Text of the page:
The proceedings are essentially a tired rehash of the previous film, but there are bright spots.  The script also attempts to inject new life by adding 2 old people.  The scribes have introduced two characters in the real world.  Danny De Vito portrays Spencer’s grandfather Eddie and Danny Glover pops up as Eddie’s estranged friend.  They are both sucked into the video game adventure.  Their temperaments are good for a few laughs.  Also, breakout star and current “It Girl” Awkwafina plays an additional avatar within the video game.  Awkwafina stands out.  She’s a legitimately good actress so she’s effective at manifesting distinctive identities.  Kevin Hart downplays his more intense charisma by talking much slower which is rather amusing in itself.

However, the story is a complete snooze.  Actor Rory McCann impersonates this “Game of Thrones” style warlord named Jurgen the Brutal.  He’s stolen a necklace called the Falcon’s Heart and the gang must get it back and expose it to the sun so they may end the drought that has infected the land and yada yada yada.

A fresh idea can no longer captivate when it’s simply repeated with more clutter.  This narrative is undone by a screenplay that is content to check the boxes of a formula to safely produce another hit in the same vein.  Writers Jake Kasdan (who also returns as director), Jeff Pinkner and Scott Rosenberg barely tweak the formula to produce this generic hit.  The first half of the movie relies more on the characters so it genially coasts on the talents of its cast but in the 2nd half, the chronicle dwells far too long on a convoluted story.  I just didn’t give a care.  The final 30 minutes is a difficult sit.  The saga runs over two hours when it should’ve been a brisk 90 minutes.  So ultimately Jumanji: The Next Level turns out to be a level down from its predecessor.

12-12-19

Frozen 2

Posted in Adventure, Animation, Comedy, Family, Fantasy, Musical with tags on November 25, 2019 by Mark Hobin

frozen_two_ver8STARS3.5Truth be told, I enjoyed Frozen just fine in 2013, but I didn’t think it was the be all and end all of animated cinema.  I was in the minority because somehow it ended up making $1.2 billion worldwide and winning the Oscar for Best Animated Feature.  I was rooting for Despicable Me 2 that year incidentally and yes I’m 100% serious.  Now we have Frozen 2, a sequel to the Disney megahit.  Coming on the heels of Ralph Breaks the Internet, I suspect that Disney is in the early stages of producing many followups to their successful properties.  Pixar has been doing this for years.  I could be snarky and say you could almost throw anything up there on the screen and it would be a hit but the filmmakers didn’t play it safe.  They have put in considerable work to deepen the drama with a complicated backstory.  I appreciate the attempt, but it’s an effort that feels unnecessary.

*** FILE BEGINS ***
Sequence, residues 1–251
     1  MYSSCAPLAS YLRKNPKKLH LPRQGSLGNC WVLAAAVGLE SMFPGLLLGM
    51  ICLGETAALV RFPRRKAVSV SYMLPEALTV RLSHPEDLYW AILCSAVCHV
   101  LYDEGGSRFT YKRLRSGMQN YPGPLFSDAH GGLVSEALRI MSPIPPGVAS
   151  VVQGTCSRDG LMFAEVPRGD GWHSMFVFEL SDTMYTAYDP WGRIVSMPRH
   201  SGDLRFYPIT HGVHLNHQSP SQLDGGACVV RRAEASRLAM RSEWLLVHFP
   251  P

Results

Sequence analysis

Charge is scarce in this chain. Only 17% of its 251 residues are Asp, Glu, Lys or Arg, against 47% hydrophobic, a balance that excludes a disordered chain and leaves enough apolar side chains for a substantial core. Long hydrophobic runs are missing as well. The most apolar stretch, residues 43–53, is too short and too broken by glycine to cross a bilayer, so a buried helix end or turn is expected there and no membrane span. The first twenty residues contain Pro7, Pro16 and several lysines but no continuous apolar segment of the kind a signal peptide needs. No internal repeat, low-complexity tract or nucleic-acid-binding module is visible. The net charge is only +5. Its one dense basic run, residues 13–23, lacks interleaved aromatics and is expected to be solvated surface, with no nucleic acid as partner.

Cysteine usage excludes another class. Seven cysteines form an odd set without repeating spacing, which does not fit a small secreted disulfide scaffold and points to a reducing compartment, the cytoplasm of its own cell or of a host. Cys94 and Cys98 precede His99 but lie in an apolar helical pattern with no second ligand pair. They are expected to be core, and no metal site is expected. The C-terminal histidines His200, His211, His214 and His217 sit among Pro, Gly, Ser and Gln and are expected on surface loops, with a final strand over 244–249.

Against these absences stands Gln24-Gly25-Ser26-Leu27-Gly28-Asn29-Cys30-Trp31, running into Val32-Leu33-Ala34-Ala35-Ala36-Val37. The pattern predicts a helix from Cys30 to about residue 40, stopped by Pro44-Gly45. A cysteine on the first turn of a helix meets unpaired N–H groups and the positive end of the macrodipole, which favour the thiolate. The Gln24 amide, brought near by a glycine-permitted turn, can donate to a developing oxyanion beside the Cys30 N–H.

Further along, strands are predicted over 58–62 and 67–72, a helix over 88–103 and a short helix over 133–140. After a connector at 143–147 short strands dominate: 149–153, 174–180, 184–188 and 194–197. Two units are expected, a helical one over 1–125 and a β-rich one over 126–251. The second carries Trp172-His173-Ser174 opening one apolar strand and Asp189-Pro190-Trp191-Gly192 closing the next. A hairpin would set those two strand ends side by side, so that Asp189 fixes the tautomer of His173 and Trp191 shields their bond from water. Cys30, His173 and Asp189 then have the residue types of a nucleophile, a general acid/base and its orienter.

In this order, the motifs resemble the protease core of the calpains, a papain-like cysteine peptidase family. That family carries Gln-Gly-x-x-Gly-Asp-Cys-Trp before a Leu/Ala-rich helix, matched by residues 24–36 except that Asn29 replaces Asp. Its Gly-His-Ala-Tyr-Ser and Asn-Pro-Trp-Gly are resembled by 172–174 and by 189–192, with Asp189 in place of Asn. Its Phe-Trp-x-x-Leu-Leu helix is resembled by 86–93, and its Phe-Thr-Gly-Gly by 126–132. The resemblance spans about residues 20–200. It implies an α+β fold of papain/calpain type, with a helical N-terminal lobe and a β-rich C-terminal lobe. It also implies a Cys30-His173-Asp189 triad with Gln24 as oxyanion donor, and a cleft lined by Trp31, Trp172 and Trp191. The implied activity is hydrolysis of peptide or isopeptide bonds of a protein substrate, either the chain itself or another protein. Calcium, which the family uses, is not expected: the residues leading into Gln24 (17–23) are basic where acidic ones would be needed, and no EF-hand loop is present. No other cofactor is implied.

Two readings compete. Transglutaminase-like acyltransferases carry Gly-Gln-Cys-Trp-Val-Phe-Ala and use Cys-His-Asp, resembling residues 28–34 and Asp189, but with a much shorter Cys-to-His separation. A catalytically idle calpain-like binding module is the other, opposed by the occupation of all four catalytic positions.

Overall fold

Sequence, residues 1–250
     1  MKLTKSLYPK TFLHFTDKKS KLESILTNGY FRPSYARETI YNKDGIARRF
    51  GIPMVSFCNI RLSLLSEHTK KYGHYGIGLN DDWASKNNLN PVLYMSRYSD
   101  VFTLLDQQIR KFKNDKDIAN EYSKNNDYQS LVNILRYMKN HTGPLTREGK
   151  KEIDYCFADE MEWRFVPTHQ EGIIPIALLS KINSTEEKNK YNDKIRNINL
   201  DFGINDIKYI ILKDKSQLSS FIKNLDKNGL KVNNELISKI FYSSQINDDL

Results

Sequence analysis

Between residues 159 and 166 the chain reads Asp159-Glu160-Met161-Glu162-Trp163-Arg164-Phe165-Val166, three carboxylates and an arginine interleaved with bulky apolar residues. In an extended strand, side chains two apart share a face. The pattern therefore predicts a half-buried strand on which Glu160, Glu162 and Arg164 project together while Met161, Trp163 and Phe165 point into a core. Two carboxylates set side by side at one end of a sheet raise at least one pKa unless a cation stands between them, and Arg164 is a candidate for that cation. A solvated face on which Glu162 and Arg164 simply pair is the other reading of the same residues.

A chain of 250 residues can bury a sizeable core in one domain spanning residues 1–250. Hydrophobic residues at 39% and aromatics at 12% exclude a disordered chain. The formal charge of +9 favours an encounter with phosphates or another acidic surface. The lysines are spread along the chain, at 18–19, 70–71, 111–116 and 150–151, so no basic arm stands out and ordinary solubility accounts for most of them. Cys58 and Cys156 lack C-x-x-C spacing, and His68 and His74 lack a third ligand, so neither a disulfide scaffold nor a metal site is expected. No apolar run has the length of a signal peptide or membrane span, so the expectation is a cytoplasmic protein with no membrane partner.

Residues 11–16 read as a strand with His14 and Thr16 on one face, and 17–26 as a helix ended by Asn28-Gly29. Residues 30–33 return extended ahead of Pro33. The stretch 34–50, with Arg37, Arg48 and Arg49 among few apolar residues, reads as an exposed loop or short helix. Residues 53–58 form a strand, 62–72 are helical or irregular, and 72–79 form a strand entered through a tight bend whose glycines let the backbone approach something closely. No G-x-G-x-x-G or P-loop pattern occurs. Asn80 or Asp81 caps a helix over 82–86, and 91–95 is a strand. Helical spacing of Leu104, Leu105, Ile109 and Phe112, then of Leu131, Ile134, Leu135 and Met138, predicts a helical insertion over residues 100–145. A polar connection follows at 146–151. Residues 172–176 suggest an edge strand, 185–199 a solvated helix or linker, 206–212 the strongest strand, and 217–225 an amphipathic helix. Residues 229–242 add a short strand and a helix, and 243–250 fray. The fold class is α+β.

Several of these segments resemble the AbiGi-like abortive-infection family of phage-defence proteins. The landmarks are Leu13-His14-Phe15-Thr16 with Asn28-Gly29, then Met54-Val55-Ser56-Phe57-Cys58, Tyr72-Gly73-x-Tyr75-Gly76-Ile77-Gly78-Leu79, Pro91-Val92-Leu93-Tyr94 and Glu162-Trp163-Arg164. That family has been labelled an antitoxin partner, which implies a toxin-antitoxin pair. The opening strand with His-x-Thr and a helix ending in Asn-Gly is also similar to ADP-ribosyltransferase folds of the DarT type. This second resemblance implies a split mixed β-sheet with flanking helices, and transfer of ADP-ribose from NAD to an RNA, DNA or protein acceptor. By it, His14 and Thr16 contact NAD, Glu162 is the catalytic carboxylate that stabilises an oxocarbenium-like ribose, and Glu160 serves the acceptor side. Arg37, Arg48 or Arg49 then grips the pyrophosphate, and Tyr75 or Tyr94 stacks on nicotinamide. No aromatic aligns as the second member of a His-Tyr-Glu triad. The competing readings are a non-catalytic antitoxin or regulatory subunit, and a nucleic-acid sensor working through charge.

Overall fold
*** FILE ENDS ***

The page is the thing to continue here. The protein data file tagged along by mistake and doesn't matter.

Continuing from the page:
Before we get to the adventure, however, let’s starts with the basics.  It’s not hard to see how Frozen 2 checks off the ingredients in a recipe: bring back familiar personalities we know, introduce new characters which can be marketed as great toys, pre-package girl power messaging and highlight a musical with original show tunes.  Not a problem.  I was prepared for that.  Elsa (Idina Menzel) and Anna (Kristen Bell) return.   A magic water horse called the Nokk, a cute salamander named Bruni and a family of giant rock monsters are newly added merchandising opportunities.  It also grants us an entire soundtrack of new songs by Robert Lopez and Kristen Anderson-Lopez.  There seems to be some debate, but I contend that “Show Yourself” is the one designed to mimic “Let it Go” musically and visually in the film.  “Into the Unknown” is the ballad they’re pushing as the hit though.  The best ditty, however, is not when the soundtrack is trying to rewrite the melodies from the previous chapter.   It happens when our expectations are subverted.  Kristoff’s (Jonathan Groff) 80s influenced “Lost in the Woods” is the greatest power pop ballad that REO Speedwagon never sang.

More isn’t always better.  The story presented here proves that.  Sometimes more is just more.  The chronicle is a needlessly convoluted fantasy with more subplots.  It offers answers for questions you never thought to ask but are going to receive anyway.  Some people will adore that level of mythology.  Are you one of those people?  You have to ask yourself this question: What do you require of a cartoon?  If simplicity and clarity are what you crave, you are likely to be a bit perplexed by the elaborate exposition.  However, if you prefer more legends and fabrications, then your curiosity will be satiated.  You’re going to get a lot of expounding.  For example, the narrative will produce explanations as to why Elsa has magical abilities, and what happened to her and Anna’s parents.  I didn’t need that level of detail, but thanks for the info…I guess.  Still, it’s enjoyable enough.  The production is beautifully animated and features some nice music.  It’s a formula but it’s a formula that works.  Frozen 2 did $127 million in the U.S. during its opening weekend so be ready to take your children to a movie they will beg you to see.  That is if you haven’t seen it already.

11-21-19